A large audience gathered last night in Sever 11, on the occasion of the Union debate. After the minutes of the last meeting had been read and approved, the subject of the next debate was taken up and the following resolution was selected: "Resolved, That European immigration should be further restricted."
Mr. E. E. Shoemaker, '89, opened the debate for the affirmative, the question being: Resolved, That the prohibitory amendment to the Massachusetts constitution ought to be adopted.
He said that there are two methods, persuasion and legislation, which can rid us of the evil of intemperance. The evil has three elements, viz., the brewery and distillery, the saloon, and the drinker; and if the first one can be overthrown, the overthrow of the two others will follow. Now what is the best means of overthrowing the distillery and the brewery? Surely not persuasion. Should then high or low license, local option or a constitutional amendment be the means? The latter is the best means owing to its superior principle.
Mr. R. W. Hale, '92, opened the debate for the negative. The alternative, he said, is between prohibition and nine-tenths prohibition, for nine-tenths prohibition is the present condition of Massachusetts. There are numerous objections to the adoption of the prohibitory amendment, viz, it would be unconstitutional and degrading, and a prohibitory law could not work where there is no local option. Such an amendment would then be a farce, as Rhode Island and many other states can testify.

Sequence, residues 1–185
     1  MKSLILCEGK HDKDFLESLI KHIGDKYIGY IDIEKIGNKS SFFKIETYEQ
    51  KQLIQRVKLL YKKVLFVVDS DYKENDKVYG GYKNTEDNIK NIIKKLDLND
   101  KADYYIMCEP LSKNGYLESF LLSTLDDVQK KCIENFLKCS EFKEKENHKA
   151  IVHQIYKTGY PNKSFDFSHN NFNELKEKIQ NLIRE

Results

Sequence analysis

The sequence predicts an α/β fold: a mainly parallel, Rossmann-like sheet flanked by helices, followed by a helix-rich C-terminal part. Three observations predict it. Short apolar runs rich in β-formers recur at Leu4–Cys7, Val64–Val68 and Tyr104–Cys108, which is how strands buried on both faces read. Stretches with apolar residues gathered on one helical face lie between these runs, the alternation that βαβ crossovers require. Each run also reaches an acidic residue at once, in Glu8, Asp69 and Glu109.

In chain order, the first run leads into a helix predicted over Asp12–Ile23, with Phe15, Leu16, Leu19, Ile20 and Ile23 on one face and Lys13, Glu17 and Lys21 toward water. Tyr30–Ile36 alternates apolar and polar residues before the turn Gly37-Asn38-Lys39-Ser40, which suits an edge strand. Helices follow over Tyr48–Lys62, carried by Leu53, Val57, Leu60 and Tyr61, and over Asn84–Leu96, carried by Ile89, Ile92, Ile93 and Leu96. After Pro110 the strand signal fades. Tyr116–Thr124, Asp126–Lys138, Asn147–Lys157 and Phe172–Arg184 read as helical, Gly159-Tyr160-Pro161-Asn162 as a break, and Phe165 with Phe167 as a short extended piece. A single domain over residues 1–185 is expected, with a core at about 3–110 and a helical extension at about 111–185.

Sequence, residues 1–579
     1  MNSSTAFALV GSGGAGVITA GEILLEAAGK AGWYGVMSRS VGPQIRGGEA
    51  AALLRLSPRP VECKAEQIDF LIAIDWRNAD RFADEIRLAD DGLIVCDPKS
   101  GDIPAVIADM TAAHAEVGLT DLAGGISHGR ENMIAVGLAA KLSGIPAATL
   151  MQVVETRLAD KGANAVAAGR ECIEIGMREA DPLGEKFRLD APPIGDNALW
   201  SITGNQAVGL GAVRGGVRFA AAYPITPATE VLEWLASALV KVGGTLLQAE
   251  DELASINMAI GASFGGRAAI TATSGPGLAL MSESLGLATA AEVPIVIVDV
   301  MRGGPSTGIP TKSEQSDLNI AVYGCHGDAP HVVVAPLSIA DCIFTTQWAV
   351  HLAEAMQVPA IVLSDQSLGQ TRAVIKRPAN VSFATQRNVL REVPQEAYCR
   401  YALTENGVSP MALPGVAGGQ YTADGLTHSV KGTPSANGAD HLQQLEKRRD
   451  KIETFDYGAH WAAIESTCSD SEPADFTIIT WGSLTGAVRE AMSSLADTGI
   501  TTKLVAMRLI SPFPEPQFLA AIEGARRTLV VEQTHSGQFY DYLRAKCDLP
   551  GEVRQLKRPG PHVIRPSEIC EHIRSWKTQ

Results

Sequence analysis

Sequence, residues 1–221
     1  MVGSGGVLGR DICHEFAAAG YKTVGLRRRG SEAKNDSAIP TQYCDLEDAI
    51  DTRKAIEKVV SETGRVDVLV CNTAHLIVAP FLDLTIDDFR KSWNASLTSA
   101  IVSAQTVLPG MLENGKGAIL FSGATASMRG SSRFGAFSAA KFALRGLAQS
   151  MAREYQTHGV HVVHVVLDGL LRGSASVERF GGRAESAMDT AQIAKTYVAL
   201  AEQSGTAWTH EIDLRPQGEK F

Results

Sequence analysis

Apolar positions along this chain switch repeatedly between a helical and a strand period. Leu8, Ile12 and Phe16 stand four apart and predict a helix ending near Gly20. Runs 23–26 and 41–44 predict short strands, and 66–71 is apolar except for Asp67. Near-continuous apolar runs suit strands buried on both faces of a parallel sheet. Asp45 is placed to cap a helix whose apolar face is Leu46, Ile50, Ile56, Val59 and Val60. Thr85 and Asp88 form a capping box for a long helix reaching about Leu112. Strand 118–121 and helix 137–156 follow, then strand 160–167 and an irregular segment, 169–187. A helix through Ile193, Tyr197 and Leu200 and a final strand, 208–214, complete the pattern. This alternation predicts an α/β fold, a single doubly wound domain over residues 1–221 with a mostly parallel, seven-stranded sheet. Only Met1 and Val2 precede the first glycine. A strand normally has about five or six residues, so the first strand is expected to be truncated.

Mr. J. L. Dodge, '91, second on the affirmative, said that prohibition is the only right method, as drinking tends to crime; therefore, intemperance must dealt with in the same manner as crime, by prohibition, not by license. Prohibition will prohibit, but it will take time, as is always the case with great reforms. High license will merely connive at the evil, prohibition will stifle it.
F. B. Wiliams, L. S., second on the negative said that it is not right to make a prohibitory amendment part and parcel of the Massachusetts constitution, for a constitution is not a code of law or of morality. The principles of every constitution have all been proved successes. The same cannot be said of prohibition. Again, the theory of governments is to leave as much as possible to local bodies; hence if the people of Massacnusetts want prohibition let each separate city council voth for prohibition.
The following men spoke from the floor; on the affirmative: W. A. Lane, C. C. Ramsay, Morton '92, Perkins '92, Reisner '89, D. Harp. P. G.; on the negative: G. H. Beach, '89, Friend L. S,, Tileston '91, Savary L. S., Hudson '89.
Vote on the merits of the question: affirmative 37, negative 38; vote on the merits of the principal disputants: affirmative 37, negative 44; vote on the debate as a whole: affirmative 15, negative 18.